Wednesday, September 12, 2012

A New Perspective

A few days ago, as part of The Poetry Project, hosted by Regular Rumination and The Written World, I shared a poem by Stevie Smith entitled "Not Waving But Drowning."  My previous post shared this poem in the context of my current stress and workload without bothering to comment on the structure or meaning of the poem itself.  As I tell my students, all reading and writing begins in a subjective place, with you orienting yourself to text and topic; however, what distinguishes a good scholar is the ability to then step back and take a more objective look at the piece, which is what I would like to do now with Smith's poem.

I love two things about this piece:
  1. The repetition
  2. It's message about perspective
In the poem, the title "not waving but drowning" is integrated into the opening and closing stanzas.  Both times it follows similar yet markedly different lines about how "far out" the speaker of the poem is.  In the first stanza, the speaker addresses the reader using the pronoun you - almost accusingly - stating, "I was much further out than you thought" (emphasis mine).  In the concluding stanza, the speaker, with an almost melancholic turn, states to no one in particular that "I was much too far out all my life." This shift in perspective from open to close is notable because the speaker is no longer focusing on an isolated event but all the events that made up her entire life.  "All my life," says the speaker, I have been the odd man out, and no one noticed, no one cared.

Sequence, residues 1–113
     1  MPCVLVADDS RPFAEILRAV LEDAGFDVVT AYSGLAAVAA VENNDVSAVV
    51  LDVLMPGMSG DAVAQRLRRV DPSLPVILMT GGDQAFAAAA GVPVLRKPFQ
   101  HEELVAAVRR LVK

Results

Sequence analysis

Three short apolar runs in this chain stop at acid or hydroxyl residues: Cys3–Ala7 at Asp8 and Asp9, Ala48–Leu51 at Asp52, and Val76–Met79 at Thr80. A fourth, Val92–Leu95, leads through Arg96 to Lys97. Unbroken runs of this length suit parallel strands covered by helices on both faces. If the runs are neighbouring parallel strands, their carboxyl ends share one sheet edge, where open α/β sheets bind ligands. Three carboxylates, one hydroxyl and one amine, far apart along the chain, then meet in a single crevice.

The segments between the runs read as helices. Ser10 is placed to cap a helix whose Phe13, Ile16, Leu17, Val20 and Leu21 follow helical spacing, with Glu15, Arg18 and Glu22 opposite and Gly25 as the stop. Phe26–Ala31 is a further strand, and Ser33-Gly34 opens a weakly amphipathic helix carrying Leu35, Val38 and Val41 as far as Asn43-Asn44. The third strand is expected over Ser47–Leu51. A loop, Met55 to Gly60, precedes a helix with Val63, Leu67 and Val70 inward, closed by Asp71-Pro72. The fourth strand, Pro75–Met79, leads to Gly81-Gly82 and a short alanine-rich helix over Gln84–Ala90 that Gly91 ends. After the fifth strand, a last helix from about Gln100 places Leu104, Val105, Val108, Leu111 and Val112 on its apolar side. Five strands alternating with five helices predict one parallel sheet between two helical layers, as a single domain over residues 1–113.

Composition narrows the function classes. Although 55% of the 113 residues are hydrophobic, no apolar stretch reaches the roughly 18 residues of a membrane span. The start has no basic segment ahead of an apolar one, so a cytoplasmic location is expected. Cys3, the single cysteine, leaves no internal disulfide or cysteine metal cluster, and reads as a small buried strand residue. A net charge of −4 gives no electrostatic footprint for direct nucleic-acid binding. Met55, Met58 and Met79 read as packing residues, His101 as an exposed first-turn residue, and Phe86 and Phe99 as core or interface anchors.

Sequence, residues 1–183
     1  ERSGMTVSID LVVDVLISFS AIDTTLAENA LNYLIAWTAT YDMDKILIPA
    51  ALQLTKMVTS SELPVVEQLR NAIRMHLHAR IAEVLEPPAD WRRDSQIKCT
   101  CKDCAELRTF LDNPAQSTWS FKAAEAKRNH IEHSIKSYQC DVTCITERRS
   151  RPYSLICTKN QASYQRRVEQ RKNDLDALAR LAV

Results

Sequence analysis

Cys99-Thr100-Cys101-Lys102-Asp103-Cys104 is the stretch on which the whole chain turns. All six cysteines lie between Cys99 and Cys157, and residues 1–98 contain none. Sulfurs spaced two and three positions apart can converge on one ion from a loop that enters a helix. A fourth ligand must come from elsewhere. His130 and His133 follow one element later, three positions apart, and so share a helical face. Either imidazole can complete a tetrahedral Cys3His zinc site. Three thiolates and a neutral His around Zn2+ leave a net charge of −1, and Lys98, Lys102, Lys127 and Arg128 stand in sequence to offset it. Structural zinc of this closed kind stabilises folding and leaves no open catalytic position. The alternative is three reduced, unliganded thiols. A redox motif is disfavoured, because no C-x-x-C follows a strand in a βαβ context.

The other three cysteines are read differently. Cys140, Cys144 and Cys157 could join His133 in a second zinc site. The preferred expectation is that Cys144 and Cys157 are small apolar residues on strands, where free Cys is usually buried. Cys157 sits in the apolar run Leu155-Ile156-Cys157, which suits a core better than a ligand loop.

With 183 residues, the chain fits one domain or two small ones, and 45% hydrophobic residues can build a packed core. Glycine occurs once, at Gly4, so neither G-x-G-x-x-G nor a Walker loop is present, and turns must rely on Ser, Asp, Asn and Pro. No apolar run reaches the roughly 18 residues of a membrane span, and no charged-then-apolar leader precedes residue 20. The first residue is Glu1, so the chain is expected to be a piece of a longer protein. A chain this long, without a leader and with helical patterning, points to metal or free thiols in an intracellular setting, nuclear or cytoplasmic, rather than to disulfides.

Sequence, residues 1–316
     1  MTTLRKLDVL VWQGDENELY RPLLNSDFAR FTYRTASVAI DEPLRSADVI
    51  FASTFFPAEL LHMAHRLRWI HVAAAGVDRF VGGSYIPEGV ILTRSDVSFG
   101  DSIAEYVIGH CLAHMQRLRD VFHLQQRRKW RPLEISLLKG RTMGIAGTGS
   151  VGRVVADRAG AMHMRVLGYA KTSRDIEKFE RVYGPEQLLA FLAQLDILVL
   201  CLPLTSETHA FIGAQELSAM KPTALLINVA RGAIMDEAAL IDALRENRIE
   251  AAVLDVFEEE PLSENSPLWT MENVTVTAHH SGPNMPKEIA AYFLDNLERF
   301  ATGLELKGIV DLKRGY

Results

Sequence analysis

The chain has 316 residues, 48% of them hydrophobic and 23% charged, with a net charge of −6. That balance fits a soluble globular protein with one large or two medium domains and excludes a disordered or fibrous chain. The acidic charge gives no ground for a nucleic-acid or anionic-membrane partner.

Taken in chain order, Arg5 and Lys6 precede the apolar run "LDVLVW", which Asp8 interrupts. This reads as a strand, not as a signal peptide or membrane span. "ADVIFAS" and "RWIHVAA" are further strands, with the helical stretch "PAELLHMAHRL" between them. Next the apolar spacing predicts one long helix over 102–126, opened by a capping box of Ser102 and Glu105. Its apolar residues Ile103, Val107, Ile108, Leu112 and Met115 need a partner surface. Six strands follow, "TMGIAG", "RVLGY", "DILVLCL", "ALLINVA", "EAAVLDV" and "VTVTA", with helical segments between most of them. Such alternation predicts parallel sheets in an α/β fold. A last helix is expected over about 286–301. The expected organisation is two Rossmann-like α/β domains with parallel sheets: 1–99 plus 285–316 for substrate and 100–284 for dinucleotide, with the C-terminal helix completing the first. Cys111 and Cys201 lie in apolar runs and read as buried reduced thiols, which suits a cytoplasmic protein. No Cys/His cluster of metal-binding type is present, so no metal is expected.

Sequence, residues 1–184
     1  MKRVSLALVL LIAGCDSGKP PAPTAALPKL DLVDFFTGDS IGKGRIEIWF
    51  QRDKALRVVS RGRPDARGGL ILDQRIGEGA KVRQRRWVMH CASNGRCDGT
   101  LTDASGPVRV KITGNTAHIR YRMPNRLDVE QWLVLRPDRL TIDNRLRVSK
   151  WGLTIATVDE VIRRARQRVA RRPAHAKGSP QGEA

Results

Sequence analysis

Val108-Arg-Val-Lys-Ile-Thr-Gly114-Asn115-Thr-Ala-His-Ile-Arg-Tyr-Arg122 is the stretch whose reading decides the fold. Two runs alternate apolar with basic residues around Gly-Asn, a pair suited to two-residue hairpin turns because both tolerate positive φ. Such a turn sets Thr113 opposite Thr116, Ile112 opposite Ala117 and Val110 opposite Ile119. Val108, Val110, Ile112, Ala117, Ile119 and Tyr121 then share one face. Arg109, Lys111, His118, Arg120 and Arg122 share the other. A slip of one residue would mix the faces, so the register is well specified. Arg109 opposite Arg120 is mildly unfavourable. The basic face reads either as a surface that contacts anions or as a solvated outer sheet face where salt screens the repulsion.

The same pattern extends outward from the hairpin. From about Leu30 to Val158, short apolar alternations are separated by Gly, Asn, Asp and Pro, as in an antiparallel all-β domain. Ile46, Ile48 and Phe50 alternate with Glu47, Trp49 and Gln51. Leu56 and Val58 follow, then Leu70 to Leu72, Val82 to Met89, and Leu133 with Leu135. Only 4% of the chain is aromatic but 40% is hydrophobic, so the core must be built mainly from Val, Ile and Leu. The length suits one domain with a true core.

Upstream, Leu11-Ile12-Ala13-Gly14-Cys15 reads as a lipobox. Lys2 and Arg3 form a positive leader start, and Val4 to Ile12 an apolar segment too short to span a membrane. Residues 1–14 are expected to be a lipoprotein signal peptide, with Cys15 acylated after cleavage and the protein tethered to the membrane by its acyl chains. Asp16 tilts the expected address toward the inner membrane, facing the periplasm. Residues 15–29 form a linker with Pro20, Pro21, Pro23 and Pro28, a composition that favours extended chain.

The question the reader is left to ask is this: Who was the speaker fooling?  Herself or those around her?  For whom did the show play out?  Is the speaker realizing for the first time that she has been hiding her true feelings, her drowning, behind a seemingly happy-go-lucky facade of waving, or is she accusing the reader of not paying close attention and mistakenly interpreting the panicked flailing of the drowning as an "all's well here!" wave?

The answer will vary depending on the reader and the reader's current state of mind as I have already demonstrated in my two different posts on the poem.  Ultimately, I think Smith is encouraging us to stop and look again from a different angle.  We may be surprised by what we see.

If you would like to join the conversation, comment below or visit Regular Rumination for information about The Poetry Project.  See a list of current participants here.


  1. Oh wonderful I had forgotten about Stevie Smith's poetry and have added her to my post too. Yes I agree with you about those lines Not waving but drowning and I was much farther out than you thought. Really draws the reader in to the mood and theme.